March 3, 2005
introduces a sweeping nine-bill Medicaid relief package
A second bill would cap growth in Medicaid
costs for counties
State Assemblyman Robin Schimminger (D-Kenmore) has introduced a sweeping nine-bill Medicaid reform package that would reduce taxpayer costs, give counties relief from their Medicaid burden, and preserve quality health care for the poor.
Schimminger said his plan is designed to address his constituents' frequent requests "that the cost of the program be controlled and that the benefits of the program be brought more in line with those of private health insurance."
"We applaud Assemblyman Schimminger for taking aggressive steps to address the need for cost-cutting Medicaid reforms," said Business Council President Daniel B. Walsh. "We urge others to support the cost-cutting actions that counties, businesses, and New Yorkers need."
"It is unfair to ask the taxpayers who pay for the Medicaid program to subsidize more generous health insurance coverage for others than they themselves may have," Schimminger said. "Further, without changes Medicaid costs will simply outstrip our ability to pay."
The reform package would:
- Let counties decide which optional services and categories
of eligibility will be available to their residents.
- Eliminate some optional services.
- Require co-payments at the time of service and impose
some new co-payments.
- Increase the tax credit for New Yorkers who purchase
long-term care insurance.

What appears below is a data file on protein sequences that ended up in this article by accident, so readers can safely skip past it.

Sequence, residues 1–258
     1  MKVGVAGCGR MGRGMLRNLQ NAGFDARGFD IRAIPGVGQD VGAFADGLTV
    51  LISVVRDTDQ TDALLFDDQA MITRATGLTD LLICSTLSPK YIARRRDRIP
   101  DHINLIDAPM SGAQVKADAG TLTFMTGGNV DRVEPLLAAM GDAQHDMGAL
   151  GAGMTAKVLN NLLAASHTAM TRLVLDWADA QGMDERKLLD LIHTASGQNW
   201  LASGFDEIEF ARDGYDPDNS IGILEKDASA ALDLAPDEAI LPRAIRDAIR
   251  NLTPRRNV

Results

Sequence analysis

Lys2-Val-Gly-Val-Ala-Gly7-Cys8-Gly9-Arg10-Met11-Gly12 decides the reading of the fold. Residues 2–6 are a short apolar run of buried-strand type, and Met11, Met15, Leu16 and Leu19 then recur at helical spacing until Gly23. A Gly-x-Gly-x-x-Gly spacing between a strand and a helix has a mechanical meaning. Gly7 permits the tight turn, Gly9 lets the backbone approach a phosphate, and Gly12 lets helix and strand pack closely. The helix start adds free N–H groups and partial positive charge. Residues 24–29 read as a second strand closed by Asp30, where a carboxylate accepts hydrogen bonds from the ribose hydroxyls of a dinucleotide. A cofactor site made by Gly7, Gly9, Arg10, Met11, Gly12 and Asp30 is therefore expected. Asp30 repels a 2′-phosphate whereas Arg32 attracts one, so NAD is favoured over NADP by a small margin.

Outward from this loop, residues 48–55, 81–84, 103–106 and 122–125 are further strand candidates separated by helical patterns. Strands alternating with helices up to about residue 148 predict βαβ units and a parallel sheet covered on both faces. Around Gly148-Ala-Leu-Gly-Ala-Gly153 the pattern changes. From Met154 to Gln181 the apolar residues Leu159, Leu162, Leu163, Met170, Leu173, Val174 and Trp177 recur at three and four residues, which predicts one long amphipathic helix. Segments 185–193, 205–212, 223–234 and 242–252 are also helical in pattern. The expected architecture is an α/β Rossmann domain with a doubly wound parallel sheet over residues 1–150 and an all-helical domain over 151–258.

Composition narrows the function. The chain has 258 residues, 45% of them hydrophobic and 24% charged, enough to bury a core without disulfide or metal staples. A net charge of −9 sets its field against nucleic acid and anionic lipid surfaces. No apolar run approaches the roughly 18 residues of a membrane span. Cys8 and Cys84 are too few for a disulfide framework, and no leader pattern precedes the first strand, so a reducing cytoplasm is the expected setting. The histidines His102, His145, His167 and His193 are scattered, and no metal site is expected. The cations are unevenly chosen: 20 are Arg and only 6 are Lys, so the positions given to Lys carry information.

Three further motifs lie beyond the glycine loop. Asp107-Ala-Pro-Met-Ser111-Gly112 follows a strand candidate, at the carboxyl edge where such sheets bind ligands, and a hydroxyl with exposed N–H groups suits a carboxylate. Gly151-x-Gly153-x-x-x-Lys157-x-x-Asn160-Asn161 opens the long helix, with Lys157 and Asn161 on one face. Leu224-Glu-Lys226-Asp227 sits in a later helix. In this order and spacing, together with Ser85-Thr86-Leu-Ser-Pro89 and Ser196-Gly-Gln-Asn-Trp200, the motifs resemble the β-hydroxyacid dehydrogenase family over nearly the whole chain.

- Enroll more Medicaid patients in managed care.
- Institute a 90-day state residency requirement for Medicaid
- Standardize eligibility requirements and close long-term care eligibility loopholes.
Schimminger emphasized that enacting his proposals would not threaten the quality of New York's taxpayer-funded health care for the poor.
"Medicaid would continue to provide a sound package of benefits but more in line with the coverage most other people receive," he said. "Counties and the state would realize savings, and the state could use part of its savings to assume a greater share of counties' Medicaid costs."
A second bill (A.1604/Sweeney et al) would limit growth in the annual county share of Medicaid costs. Effective April 1, 2004, local social service districts would not be responsible for paying the state any more than they paid in fiscal year 2004. In a rare sign of bipartisan agreement on Medicaid, the bill has 42 Democratic and eight Republican sponsors.
"New York’s Medicaid program, is it is structured today, can no longer be supported at the local level, especially through regressive property and sales taxes," the bill memo notes. "Over the past two years, county property taxes have increased an average 22 percent, the residents of 23 counties have been forced to pay higher sales taxes, and the residents of all counties have gotten less value for their dollar as counties have been forced to reduce all general county services to fund the growth of this one state-controlled program."
The bill proposes no steps to reduce the state’s overall spending burden, merely to shift the burden so that it is fully borne by state taxpayers. The bill also outlines no plan for reducing that level of spending or containing the growth rate of that spending.
The Business Council has long argued that Medicaid reform must reduce the size of the overall burden, not merely shift that burden or part of it from one set of taxpayers to another. New York’s Medicaid spending is the nation’s highest by more, more than twice the national average on a per-capita basis, research by the Public Policy Institute has shown.